William Frederick "Woody" Woodward (b. September 23, 1942) is a former professional baseball player, college baseball coach, and general manager. He played all or part of nine seasons in Major League Baseball, primarily as a shortstop, but is better known for his tenure as general manager of the Seattle Mariners.
Woodward played baseball at Coral Gables Senior High School and led the team to the 1960 Class AA state title. He attended Florida State University, where he played for the Florida State Seminoles baseball team. In 1963 he was named third-team All-American and was named to the College World Series all-tournament squad.
On July 10, 1970, Woodward hit his only major league home run in 2,423 plate appearances, a two-run shot off Ron Reed against the Atlanta Braves. Afterwards Woodward was quoted as saying, "If I hit one home run per every seven seasons, it will take me 4,998 seasons to catch Babe Ruth." He played in four games of the 1970 World Series, which the Reds lost to the Baltimore Orioles in five games, with Woodward totaling one hit in five at bats.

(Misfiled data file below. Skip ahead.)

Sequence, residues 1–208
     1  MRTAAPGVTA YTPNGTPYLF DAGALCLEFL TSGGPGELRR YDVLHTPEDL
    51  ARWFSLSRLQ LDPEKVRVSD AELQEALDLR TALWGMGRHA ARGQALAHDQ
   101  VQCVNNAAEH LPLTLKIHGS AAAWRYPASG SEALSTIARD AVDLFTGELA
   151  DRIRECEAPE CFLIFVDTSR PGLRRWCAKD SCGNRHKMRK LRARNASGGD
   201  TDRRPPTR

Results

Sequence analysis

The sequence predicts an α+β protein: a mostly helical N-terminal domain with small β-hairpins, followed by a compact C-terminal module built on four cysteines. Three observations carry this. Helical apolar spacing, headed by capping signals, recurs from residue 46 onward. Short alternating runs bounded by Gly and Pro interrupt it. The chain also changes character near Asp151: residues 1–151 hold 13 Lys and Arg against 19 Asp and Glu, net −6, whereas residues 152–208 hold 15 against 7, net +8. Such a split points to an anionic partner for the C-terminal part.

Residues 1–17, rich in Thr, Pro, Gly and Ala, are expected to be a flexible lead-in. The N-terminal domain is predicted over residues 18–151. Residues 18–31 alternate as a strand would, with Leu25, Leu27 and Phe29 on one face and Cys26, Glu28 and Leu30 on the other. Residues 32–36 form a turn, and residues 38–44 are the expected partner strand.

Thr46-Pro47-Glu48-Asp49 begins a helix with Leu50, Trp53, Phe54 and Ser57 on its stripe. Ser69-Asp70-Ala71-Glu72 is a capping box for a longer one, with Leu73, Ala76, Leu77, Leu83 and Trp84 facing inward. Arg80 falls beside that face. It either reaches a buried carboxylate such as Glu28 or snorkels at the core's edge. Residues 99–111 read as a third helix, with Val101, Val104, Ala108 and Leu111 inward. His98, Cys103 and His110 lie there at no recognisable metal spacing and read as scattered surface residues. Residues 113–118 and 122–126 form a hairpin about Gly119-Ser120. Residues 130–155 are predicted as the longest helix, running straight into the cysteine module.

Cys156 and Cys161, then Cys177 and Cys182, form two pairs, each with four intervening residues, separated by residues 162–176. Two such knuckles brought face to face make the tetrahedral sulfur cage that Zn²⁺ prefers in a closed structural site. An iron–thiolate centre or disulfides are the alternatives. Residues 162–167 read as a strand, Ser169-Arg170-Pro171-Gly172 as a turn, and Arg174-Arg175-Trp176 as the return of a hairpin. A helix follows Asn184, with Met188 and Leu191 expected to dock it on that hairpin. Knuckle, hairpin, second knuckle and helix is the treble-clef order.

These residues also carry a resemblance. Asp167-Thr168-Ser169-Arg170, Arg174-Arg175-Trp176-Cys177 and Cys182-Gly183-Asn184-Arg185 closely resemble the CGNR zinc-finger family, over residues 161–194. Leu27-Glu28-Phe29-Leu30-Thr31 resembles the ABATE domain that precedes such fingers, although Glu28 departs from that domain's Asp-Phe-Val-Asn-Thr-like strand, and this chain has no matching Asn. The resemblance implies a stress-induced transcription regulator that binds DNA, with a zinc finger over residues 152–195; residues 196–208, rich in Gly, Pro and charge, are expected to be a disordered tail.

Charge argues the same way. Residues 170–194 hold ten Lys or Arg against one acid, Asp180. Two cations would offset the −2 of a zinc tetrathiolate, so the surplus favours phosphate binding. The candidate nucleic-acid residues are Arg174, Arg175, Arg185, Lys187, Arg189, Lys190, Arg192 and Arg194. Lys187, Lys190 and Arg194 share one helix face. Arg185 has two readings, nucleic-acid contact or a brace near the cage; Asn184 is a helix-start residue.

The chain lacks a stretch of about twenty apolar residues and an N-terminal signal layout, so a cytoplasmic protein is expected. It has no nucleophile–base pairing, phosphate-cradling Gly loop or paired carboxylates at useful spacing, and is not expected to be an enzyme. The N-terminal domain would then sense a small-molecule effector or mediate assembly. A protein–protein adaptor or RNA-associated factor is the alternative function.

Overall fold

Woodward was involved in a bizarre incident on September 4, 1971. During a game against the Dodgers at Dodger Stadium, a sack of flour fell out of the sky and landed approximately 10 feet from where Woodward was standing.
After working as an assistant general manager for both the Cincinnati Reds and New York Yankees, Woodward was named the general manager of the New York Yankees in October 1986. His resignation at the end of the 1987 season lead to a flurry of moves as then-manager Lou Piniella was promoted to general manager, and (for the fifth time) Billy Martin was named Yankees manager.
The Philadelphia Phillies hired Woodward as general manager in October 1987, and fired him in June 1988.
The next month, in July 1988, he became the general manager of the Seattle Mariners, working there until his retirement at the end of 1999. During his tenure, the Mariners made the playoffs in 1995 and 1997. His draft picks included Alex Rodriguez, Jason Varitek, Derek Lowe, Bret Boone and Raúl Ibañez. Perhaps his most notable trade was in 1989, acquiring Randy Johnson from the Montreal Expos (or trading away one of the greatest hitters in history, David Ortiz after being told not to trade him). In January 2009 the Mariners hired him to work as a part-time scout.
MLB debut – September 9, Milwaukee Braves
Last MLB appearance – September 28, 1971, for the Cincinnati Reds
Batting average – .236
Home runs – 1
RBI – 148
Milwaukee / Atlanta Braves (1963–1968)
Cincinnati Reds (1968–1971)
Link to all of his issued baseball cards – www.tradingcarddb.com/Person.cfm/pid/6401/col/1/yea/0/Woo…
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